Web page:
Report on Montagu Island (United Kingdom) — September 2010
Bulletin of the Global Volcanism Network, vol. 35, no. 9 (September 2010)
Managing Editor: Richard Wunderman.
Montagu Island (United Kingdom) Quiet, with minor thermal anomalies, since September 2007
Please cite this report as:
Global Volcanism Program, 2010. Report on Montagu Island (United Kingdom) (Wunderman, R., ed.). Bulletin of the Global Volcanism Network, 35:9. Smithsonian Institution. https://doi.org/10.5479/si.GVP.BGVN201009-390081
58.445°S, 26.374°W; summit elev. 1370 m
All times are local (unless otherwise noted)
As of late October 2010, Montagu Island displayed only very localized and minor thermal anomalies of insufficient size to indicate an eruption. As previously reported, Montagu Island displayed frequent thermal anomalies, several lava flows, and a low-level ash plume in December 2006, but eruptions ceased after September 2007 (BGVN 33:03 and 33:07).
MODVOLC thermal anomalies have remained absent between September 2007 and 31 October 2010, and ASTER thermal images over the past few years lacked indication of eruptive activity. The most recent cloud-free ASTER image (figure 21) shows relatively small thermal anomalies on the 2005 flow field that Patrick believes likely represent fumaroles venting residual heat from the lava flow.
According to Matt Patrick (USGS), several small (1-2 pixels in size) thermal anomalies are situated near the summit of Mt. Belinda on the proximal section of the 2005 flow. In addition, a larger (3 x 2 pixels) anomaly is at the E end of the delta formed in 2005 when lava entered the ocean. Patrick notes that this thermal anomaly on the delta has been present in ASTER images going back to 2008 and, as with the anomaly above, likely indicates residual heat escape.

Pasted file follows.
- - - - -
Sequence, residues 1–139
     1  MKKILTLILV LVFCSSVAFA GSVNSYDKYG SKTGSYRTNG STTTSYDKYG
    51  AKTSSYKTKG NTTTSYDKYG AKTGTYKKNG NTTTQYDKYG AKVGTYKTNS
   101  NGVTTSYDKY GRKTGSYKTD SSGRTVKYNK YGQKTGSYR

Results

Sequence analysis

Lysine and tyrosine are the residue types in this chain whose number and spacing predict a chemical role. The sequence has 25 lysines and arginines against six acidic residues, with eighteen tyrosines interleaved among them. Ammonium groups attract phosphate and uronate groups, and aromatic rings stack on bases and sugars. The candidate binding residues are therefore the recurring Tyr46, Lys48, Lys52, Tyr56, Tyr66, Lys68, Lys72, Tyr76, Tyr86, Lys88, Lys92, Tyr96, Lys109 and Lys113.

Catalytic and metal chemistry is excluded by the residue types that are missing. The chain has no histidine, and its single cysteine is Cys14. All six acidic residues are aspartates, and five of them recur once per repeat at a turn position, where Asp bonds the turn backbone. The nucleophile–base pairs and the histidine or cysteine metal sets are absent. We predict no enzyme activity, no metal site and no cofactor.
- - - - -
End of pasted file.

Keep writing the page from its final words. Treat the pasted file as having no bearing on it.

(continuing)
Geological Summary. The largest of the South Sandwich Islands, Montagu consists of a massive shield volcano cut by a 6-km-wide ice-filled summit caldera. The summit of the 11 x 15 km island rises about 3,000 m from the sea floor between Bristol and Saunders Islands. Around 90% of the island is ice-covered; glaciers extending to the sea typically form vertical ice cliffs. The name Mount Belinda has been applied both to the high point at the southern end of the summit caldera and to the young central cone. Mount Oceanite, an isolated peak at the SE tip of the island, was the source of lava flows exposed at Mathias Point and Allen Point. There was no record of Holocene activity until MODIS satellite data, beginning in late 2001, revealed thermal anomalies consistent with lava lake activity. Apparent plumes and single anomalous pixels were observed intermittently on AVHRR images from March 1995 to February 1998, possibly indicating earlier volcanic activity.
Information Contacts: Matthew R. Patrick, Hawaiian Volcano Observatory (HVO), U.S. Geological Survey, PO Box 51, Hawai'i National Park, HI 96718, USA (URL: https://volcanoes.usgs.gov/observatories/hvo/); Hawai'i Institute of Geophysics and Planetology (HIGP) Thermal Alerts System, School of Ocean and Earth Science and Technology (SOEST), Univ. of Hawai'i, 2525 Correa Road, Honolulu, HI 96822, USA (URL: http://modis.higp.hawaii.edu/); ASTER (Advanced Spaceborne Thermal Emission and Reflection Radiometer), Earth Remote Sensing Data Analysis Center (ERSDAC) in Japan, and the Jet Propulsion Laboratory in the U.S. (URL: http://asterweb.jpl.nasa.gov/).